THE OLDER 'MATTER'
And yet when I hear to-day protests against the Bolshevism of modern science and regrets for the old-established order, I am inclined to think that Rutherford not Einstein, is the real villain of the piece. (149)
A. S. EDDINGTON
Micro-mechanics appears as a refinement of macro-mechanics, which is necessitated by the geometrical and mechanical smallness of the objects, and the transition is of the same nature as that from geometrical to physical optics. (466) E. SCHRODINGER
From the dawn of history, man has had to deal with different bits of materials, some hard and solid like stones, some soft like fruit or flesh, some liquid. In remote antiquity air and gases were not considered as 'matter'.
In those days 'matter' was structurally only what could be seen, or felt, or touched . : anything else was some kind of 'spirit', and everything 'existed' in an 'absolute void'. But even in remote antiquity our primitive ancestry could not miss the fact that the bits of materials they dealt with could be divided into smaller bits. Naturally, if we can subdivide bits into smaller bits, an interesting question arises: How far can this division be carried on? It seems that Democritus (about 460-360 B.C.) was the first man on record to formulate an atomistic theory. He already postulated structurally a subjective world picture, to be contrasted with an 'absolute' or objective world in which 'motion' was all important. This theory started us on the mechanistic road formulated for macroscopic events, and also on the road of individualization, the study of smaller and smaller bits of materials and the search for some unit bricks out of which this world appeared to be built; all of which was already a search for tn.o structure.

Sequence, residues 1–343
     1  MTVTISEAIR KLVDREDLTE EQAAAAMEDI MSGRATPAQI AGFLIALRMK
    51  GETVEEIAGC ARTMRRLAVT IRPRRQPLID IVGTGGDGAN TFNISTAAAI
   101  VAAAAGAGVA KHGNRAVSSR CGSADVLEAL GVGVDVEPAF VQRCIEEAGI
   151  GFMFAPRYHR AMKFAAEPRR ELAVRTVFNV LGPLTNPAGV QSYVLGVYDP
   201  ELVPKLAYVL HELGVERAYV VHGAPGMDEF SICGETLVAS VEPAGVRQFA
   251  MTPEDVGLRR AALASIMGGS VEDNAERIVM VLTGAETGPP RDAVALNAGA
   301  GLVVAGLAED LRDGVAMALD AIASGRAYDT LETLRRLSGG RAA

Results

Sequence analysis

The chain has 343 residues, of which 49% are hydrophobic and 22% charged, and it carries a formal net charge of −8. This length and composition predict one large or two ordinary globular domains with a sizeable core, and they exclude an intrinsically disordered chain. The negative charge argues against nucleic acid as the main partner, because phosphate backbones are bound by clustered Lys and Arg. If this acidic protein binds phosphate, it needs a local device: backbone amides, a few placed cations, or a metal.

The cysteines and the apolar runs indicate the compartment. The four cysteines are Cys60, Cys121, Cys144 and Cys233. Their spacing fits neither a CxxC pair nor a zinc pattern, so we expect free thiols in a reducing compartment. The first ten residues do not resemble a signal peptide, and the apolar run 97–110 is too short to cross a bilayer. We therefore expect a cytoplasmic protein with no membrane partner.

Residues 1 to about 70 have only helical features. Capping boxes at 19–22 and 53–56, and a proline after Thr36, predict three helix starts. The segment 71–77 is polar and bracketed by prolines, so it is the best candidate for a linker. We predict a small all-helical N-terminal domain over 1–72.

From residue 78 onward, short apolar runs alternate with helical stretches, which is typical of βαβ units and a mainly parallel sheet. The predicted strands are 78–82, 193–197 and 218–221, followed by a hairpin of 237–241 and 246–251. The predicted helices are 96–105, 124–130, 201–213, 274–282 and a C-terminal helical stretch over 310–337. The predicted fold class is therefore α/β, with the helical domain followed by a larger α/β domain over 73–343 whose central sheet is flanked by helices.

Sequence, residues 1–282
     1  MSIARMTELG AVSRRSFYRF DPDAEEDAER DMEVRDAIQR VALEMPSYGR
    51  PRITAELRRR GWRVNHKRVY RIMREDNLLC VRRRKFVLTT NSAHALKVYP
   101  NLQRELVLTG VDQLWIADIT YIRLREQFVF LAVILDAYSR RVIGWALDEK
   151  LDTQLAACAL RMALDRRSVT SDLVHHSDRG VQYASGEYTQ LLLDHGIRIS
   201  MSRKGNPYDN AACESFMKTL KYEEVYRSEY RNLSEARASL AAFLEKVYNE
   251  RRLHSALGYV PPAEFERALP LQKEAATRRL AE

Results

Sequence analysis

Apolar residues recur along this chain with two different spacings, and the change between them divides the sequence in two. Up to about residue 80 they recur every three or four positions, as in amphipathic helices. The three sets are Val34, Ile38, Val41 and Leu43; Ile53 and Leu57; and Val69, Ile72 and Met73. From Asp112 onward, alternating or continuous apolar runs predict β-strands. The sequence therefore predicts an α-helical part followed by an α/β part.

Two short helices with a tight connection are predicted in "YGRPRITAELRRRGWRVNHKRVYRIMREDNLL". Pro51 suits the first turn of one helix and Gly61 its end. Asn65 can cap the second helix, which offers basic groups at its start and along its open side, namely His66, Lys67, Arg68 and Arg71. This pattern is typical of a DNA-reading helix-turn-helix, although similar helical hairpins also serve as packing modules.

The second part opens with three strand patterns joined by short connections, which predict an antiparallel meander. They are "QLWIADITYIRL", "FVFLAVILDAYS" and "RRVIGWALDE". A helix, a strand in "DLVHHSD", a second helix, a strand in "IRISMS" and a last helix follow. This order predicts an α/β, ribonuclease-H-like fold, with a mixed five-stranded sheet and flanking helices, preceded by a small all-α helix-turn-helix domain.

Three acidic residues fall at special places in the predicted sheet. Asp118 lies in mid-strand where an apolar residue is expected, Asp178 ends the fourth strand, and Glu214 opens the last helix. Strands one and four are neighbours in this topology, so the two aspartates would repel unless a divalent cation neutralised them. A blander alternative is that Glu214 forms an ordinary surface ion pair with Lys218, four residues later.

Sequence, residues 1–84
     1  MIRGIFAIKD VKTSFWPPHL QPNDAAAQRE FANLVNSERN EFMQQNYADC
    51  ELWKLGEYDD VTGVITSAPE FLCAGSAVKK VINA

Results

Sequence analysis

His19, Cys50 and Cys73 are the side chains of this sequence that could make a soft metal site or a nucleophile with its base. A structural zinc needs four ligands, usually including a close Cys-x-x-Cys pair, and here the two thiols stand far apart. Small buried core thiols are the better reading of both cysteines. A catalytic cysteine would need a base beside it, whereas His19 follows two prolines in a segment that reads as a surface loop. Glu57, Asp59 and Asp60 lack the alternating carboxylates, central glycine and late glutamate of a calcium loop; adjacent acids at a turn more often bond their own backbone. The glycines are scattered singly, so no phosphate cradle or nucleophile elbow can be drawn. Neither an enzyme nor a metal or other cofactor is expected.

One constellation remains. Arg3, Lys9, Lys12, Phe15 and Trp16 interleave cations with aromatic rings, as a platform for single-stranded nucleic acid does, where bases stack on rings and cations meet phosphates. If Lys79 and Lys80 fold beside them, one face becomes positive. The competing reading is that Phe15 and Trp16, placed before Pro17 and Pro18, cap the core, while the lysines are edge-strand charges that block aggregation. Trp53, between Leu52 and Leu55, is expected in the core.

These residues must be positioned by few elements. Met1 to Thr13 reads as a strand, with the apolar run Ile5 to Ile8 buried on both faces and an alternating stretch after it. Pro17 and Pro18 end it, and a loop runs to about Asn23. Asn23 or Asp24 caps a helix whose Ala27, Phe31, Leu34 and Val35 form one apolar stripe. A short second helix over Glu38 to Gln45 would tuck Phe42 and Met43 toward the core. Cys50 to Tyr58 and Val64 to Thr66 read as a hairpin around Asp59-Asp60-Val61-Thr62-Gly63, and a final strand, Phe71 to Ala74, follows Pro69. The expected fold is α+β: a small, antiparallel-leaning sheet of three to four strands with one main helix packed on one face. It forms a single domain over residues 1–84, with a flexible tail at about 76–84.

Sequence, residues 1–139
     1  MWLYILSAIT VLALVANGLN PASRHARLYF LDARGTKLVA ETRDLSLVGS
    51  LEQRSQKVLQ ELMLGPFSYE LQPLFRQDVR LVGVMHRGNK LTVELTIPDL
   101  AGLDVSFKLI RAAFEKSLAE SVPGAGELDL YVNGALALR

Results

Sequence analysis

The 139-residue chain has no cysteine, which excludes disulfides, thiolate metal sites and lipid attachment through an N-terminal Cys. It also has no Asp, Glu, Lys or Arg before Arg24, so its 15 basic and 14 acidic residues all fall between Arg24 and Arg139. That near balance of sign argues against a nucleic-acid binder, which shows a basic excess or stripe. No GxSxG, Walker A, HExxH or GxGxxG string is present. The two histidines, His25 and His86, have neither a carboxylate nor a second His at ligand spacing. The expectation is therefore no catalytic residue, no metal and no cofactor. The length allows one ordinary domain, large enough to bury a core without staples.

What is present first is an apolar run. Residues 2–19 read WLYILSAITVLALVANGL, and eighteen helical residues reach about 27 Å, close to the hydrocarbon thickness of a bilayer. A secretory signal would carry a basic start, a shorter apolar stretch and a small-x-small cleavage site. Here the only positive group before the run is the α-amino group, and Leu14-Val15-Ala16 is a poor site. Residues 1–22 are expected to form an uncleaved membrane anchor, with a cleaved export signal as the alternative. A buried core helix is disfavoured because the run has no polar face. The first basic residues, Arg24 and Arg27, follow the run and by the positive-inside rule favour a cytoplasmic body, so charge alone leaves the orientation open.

With the advent of chemistry some further fundamental structural light was thrown on the problem of individualization. It was found that certain materials, as, for instance, iron, copper., remain one material, no matter how far we carry our subdivision. These were called 'elements'. At present we recognize 92 elements, a number which is supposed to represent all possible elements. Out of these a remaining few were at first predicted theoretically, and just the other day discovered experimentally. All other materials do not stand division so well. At some stage they decompose into their elements. The smallest bit of one of these last materials which still has the characteristics as the bulk, is called a molecule. The molecule is found to be built up from atoms of the elements. For instance, the molecule of water still has the characteristics of water, and consists of two atoms of hydrogen and one atom of oxygen, which are no longer water but elements of entirely different characteristics.*
Electrochemistry taught us in the meanwhile an important structural lesson; namely, that definite electrical charges are combined with the atoms. Such electrified atoms are called 'ions' (Greek for traveller). For instance, a
♦The above statements are over-simplified, but satisfactory for my purpose.